My own reflection is that this generation, this moment, now, is that this generation is hungry and thirst for significance: to know that they matter and that individual lives matter. That each is deeply precious and loved. I find myself preaching more and more at confirmation services on the words prior to the laying on of hands: Steven, God has called you by name and made you his own. We need to know that we are significant.

Why is this important?

Why is this important now? In part because of what science tells us about the size of the universe. We see more and more clearly if we dare to think about it how vast and ancient the universe is, how marginal the earth is, how tiny and insignificant we are in the physical world. In part because of what technology has done to bring the world together. The global population reached 8 billion on 15th November. Technology connects us together. We are aware of one another. We feel compassion for floods in Pakistan; drone attacks in Kiev and wildfires in California 24 hours a day. Yet many people testify to never feeling more alone. We have knowledge at our fingertips but have never been more in need of wisdom: the ability to live well. That living well begins with a sense of significance: of being someone in the vastness of creation.

This generation in particular lives with a vast and existential fear of the danger to the planet from environmental disaster and climate change which will shape our lives and the lives of our children and grandchildren. In order to combat this disaster we need confidence in our own significance: to know that we can make a difference.

That longing for significance underlies much of what is happening in Church and society. For example, we are working hard on racial justice. The movement which began after the death of George Floyd was called Black Lives Matter. We see this theme of significance in many of the current debates within the Church – including around human sexuality and gender.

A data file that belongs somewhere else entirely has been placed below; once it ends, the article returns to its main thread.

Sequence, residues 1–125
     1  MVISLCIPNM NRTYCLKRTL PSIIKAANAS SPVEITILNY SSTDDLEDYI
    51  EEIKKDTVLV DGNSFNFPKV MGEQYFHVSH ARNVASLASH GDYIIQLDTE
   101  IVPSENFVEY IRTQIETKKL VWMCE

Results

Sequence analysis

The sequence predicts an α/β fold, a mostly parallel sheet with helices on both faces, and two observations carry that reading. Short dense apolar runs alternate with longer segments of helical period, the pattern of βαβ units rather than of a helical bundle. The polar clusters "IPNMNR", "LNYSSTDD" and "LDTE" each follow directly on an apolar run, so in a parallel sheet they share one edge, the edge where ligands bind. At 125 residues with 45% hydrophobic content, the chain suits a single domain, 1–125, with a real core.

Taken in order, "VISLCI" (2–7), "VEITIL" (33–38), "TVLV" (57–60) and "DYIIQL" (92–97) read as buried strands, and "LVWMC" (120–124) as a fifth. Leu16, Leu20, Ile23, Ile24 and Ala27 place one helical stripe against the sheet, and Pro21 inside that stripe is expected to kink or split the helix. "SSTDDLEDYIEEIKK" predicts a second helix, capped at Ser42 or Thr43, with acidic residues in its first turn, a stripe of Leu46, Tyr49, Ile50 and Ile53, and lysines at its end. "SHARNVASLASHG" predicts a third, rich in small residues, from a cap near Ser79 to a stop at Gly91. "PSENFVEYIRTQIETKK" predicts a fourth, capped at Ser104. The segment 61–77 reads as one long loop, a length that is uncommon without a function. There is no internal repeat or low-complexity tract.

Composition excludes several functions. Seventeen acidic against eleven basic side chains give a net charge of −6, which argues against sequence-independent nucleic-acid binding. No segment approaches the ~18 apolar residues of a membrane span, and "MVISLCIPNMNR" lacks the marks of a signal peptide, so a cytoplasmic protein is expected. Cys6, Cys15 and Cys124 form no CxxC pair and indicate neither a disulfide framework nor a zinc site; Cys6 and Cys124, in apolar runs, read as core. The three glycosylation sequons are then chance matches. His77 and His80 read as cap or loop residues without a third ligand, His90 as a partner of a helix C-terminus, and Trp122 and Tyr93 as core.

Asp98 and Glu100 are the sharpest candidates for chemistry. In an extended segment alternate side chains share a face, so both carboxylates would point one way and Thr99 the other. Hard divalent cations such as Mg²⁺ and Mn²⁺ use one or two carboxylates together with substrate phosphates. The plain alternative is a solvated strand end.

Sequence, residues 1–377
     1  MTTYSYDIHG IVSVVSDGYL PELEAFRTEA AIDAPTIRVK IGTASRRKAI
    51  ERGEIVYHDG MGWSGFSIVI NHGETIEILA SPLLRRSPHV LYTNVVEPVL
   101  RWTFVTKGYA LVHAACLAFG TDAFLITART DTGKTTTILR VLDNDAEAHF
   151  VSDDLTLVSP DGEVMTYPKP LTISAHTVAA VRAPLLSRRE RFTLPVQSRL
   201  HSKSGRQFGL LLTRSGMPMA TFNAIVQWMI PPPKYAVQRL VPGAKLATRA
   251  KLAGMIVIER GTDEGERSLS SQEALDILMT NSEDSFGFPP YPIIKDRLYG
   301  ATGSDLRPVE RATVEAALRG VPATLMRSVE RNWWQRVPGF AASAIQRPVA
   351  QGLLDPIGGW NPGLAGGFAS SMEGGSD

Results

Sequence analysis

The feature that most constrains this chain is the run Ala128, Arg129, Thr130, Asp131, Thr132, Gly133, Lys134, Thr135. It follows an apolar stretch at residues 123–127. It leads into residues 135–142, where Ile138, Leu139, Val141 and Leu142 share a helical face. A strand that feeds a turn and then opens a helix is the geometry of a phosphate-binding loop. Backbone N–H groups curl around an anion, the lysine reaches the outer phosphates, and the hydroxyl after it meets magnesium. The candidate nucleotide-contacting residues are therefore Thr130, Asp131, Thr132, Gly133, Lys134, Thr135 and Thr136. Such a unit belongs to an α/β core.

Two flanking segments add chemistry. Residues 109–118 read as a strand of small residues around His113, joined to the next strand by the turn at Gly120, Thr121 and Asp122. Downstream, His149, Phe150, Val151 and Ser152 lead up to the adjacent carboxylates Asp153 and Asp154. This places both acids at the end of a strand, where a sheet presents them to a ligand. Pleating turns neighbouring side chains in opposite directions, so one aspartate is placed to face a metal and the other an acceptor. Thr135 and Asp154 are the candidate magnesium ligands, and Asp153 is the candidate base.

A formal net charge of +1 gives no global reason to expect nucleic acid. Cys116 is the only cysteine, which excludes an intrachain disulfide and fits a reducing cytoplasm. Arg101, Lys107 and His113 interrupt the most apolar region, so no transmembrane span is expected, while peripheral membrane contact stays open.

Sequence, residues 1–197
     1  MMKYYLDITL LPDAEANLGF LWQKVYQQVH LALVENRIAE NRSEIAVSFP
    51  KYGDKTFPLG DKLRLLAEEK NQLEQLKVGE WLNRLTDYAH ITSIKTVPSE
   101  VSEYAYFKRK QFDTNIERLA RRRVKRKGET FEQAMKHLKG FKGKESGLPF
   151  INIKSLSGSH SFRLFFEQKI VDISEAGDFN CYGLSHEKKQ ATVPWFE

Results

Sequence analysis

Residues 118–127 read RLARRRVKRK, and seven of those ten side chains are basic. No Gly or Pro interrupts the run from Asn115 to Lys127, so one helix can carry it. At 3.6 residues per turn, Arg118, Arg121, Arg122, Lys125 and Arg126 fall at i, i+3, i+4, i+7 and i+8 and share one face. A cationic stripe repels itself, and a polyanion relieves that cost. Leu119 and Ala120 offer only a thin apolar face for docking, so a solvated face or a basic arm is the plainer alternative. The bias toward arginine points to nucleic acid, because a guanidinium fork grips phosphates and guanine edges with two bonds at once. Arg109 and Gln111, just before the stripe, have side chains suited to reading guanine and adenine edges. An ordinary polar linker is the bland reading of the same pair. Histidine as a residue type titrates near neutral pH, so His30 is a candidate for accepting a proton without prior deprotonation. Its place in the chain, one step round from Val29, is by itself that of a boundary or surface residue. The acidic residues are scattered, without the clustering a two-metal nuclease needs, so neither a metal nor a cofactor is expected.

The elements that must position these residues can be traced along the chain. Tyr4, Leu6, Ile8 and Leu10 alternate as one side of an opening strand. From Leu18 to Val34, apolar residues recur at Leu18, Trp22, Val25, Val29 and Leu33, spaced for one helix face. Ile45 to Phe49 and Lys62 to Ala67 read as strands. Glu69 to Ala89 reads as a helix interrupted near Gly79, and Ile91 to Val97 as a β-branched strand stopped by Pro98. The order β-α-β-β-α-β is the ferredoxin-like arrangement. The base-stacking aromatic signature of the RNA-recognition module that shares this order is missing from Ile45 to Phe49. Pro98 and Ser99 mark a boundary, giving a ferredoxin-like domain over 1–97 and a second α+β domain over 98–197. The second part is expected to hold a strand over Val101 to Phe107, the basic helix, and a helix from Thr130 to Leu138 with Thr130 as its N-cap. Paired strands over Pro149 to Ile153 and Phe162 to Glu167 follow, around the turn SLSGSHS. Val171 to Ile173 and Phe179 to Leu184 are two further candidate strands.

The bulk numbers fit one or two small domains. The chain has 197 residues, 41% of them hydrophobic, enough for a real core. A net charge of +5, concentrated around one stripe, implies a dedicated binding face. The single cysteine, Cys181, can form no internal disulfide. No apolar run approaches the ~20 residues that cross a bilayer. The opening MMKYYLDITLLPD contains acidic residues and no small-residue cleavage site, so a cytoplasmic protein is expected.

We need to know that we are loved, that we matter. The primary place that sense of significance can come from is our maker. The second place that significance comes from is our closest relationships. The way we know that we are loved is to listen to Jesus, to place our trust in Jesus and in the great and transformative truths of the incarnation, the cross and the resurrection.

The Sermon on the Mount is the place that Jesus addresses the question of human significance. Consider the birds of the air, the lilies of the field. Are you not worth more than these? You are so significant that the very words that come from your mouth will be accounted for. Your Father in heaven knows you and loves you. Your Father in heaven sees even and especially what you do in secret, behind closed doors. Your Father in heaven knows and understands even your secret jealousies and hatreds and desires.